Florida last month became the sixth state to adopt a resolution expressing "profound regret for the shameful chapter" in the state's history and promoting "healing and reconciliation among all Floridians."
Alabama, Maryland, North Carolina, New Jersey and Virginia had previously done so, and two other states - Nebraska and Missouri - are considering similar resolutions this year.
National black leaders applaud these gestures as an important step in reconciling the nation's long-standing racial differences, but caution that further actions, including reparations, are needed.
"I think it's very productive for states to look at their roles in the slavery movement. It's a good place to start," said Hilary Shelton of the National Association for the Advancement of Colored People . But he said, "unless further discussions follow, their actions will be viewed as very hollow."
All six state resolutions passed with near unanimous approval, although debates that preceded passage focused on whether an official apology amounts to an admission of guilt that could lead to calls for reparations - payments to the descendants of slaves for their suffering and lost economic opportunities.
The same issue has stymied efforts at the federal level to issue a national apology.
Last year, Tennessee Democrat Rep. Steve Cohen proposed that the federal government apologize for slavery and the so-called Jim Crow laws that victimized blacks after the Civil War. So far, Cohen's bill has not moved and requests for a presidential apology remain unanswered.
But at least one governor, Florida Republican Charlie Crist, has not shied away from the issue of reparations. When he signed Florida's apology resolution last month, Crist said he was open to considering financial reparations - not this year, but when the state's financial situation improves.
"I was floored. He had absolutely no hesitation," said author Ronald Walters, a leader in the push for reparations. "No other governor has ever done that."
In fact, several states have tried to put a lid on the issue by making clear their apologies are not a step toward reparations.
In Georgia, the state with the second largest pre-Civil War slave population, Gov. Sonny Perdue and other Republican politicians rejected a 2007 apology proposal, because they said it could make the state liable for financial reparations.
The states' apology movement comes as a reaction to a highly publicized, national push for reparations that peaked in 2002, Walters said. Since then, black state lawmakers decided reparations may not be possible any time soon, but an apology or expression of regret could start the process, he said.
In 2001, a group of black lawyers sued several U.S. insurance companies for having written policies on slaves for their owners. That same year, black leaders unsuccessfully urged President Bush to join a United Nations-sponsored conference on racism and reparations.
Several insurance companies later apologized for their role in enabling slavery, and California enacted a law calling on every insurance company in the state to research and report to the state its historical connections to the slave trade.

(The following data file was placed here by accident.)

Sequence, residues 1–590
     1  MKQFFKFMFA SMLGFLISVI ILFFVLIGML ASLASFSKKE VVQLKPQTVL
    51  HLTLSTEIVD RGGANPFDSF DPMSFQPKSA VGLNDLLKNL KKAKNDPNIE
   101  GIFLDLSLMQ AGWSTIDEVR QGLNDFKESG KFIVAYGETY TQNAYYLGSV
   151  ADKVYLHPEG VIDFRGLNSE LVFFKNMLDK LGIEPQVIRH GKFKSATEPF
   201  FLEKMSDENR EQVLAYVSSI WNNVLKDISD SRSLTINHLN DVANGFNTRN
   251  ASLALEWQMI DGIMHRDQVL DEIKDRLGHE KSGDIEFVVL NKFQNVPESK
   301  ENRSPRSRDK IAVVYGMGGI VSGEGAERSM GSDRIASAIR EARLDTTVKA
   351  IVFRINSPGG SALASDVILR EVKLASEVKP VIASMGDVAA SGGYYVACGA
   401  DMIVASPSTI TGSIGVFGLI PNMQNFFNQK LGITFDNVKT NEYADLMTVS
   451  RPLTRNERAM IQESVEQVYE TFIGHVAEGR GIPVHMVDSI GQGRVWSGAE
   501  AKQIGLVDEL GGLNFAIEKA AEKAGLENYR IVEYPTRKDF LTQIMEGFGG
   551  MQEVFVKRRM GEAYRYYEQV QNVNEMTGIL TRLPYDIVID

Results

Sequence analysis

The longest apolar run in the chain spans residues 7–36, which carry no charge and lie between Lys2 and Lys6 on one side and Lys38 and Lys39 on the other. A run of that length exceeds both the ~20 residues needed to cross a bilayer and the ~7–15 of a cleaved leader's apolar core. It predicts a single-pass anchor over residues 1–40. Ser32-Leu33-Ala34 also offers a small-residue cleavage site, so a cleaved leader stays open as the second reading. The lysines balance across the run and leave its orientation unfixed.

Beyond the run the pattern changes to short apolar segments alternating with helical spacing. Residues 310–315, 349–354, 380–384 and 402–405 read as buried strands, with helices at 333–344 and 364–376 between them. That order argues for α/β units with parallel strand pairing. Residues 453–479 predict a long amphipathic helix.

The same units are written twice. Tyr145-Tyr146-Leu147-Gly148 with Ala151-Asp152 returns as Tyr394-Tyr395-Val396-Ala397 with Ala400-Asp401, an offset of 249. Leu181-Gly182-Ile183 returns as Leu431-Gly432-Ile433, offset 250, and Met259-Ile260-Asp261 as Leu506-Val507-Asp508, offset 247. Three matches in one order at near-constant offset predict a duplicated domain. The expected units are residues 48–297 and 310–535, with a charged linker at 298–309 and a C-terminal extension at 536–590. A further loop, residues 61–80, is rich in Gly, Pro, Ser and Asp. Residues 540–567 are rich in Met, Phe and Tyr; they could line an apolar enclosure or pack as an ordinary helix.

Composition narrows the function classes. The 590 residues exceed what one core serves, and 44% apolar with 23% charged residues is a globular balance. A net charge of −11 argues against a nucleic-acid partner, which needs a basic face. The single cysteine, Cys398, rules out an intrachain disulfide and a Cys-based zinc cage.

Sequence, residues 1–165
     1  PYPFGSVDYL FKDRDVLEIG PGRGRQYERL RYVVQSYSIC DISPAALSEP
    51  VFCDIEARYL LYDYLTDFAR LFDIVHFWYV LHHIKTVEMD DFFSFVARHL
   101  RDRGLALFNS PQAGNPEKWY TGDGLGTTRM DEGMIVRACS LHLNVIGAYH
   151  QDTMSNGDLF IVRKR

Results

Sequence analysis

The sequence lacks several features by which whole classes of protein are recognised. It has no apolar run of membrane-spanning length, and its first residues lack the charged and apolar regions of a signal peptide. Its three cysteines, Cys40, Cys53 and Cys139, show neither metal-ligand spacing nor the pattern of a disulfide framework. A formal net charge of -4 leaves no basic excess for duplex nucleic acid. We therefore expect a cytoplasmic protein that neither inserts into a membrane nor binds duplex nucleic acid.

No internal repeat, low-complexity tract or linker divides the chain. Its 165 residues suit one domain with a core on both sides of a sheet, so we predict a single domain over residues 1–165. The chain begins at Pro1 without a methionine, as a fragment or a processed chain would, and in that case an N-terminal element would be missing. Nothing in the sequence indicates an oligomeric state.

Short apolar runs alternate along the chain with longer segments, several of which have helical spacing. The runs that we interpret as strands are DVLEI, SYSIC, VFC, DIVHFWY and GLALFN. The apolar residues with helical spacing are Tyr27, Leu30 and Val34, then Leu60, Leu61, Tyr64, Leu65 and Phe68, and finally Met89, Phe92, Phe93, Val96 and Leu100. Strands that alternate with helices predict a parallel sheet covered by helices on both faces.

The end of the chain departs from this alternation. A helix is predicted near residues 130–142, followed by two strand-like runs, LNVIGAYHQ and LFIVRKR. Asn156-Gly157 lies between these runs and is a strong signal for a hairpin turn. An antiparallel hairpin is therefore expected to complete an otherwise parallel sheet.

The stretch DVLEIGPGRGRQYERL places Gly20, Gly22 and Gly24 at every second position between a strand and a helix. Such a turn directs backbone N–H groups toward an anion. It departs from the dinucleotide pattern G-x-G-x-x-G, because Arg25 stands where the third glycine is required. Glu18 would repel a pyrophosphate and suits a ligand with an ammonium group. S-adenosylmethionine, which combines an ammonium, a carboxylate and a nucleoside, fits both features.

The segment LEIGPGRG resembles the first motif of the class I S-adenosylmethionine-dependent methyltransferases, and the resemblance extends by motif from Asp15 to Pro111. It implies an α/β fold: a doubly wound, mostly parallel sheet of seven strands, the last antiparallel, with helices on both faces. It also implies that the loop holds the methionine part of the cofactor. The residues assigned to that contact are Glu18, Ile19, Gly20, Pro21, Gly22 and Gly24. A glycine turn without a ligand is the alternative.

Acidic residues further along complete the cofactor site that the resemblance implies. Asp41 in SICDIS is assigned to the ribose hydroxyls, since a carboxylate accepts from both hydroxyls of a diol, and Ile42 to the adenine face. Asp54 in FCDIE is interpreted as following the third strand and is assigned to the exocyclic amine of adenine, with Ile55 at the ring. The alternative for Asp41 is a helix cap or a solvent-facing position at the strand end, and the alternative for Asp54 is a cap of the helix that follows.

But the movement faded over the next four years, leading black lawmakers in several states to take a different approach, said Walters, who as a scholar at the University of Maryland, was instrumental in developing the state's 2006 legislative apology proposal.
Maryland in 2006 was the first state to consider an apology resolution, but Virginia - the state that once had the largest slave population in the country (490,865, according to an 1860 census) - in February 2007 became the first to enact a resolution.
"Virginia was the leader," said Democratic state Sen. Henry Marsh, III. "We started a dialog concerning slavery and race relations which we had hoped would happen. Other states immediately began calling us, asking how we did it," said Marsh, who sponsored the resolution.
Maryland Gov. Martin O'Malley (D) signed a resolution in March 2007 and governors in Alabama, New Jersey and North Carolina signed similar bills later in the year.
This year, Missouri supporters of an apology, which failed to pass the legislature last year, say the action would help heal racial wounds in a state that was so divided during the Civil War that it sent troops to both sides.
The Show Me state also is known for its 1856 court ruling denying a slave named Dred Scott citizenship rights. The decision, later upheld by the U.S. Supreme Court, led to enactment of the 13 th and14 th amendments to the Constitution, which abolished slavery and established legal rights for former slaves. As further evidence of Missouri's historical conflict over slavery, it later became the only state to enact its own emancipation law.
The recent apologies are not the first time states have taken action against slavery ahead of the federal government. In 1777, more than eight decades before President Lincoln issued the Emancipation Proclamation freeing slaves in the South, Vermont passed a law declaring the slave trade illegal. New York enacted a similar statute the following year.
"This is the moment for a national apology, because we have a historical first with a black (presidential) candidate running in the Democratic party," said Carol Swain of Vanderbilt University, who has urged President Bush to hold a Rose Garden ceremony to apologize for slavery.
"I expect states will continue to apologize, state-by-state, in a piecemeal, federalist fashion, and it might make it easier for the federal government to act," Swain said.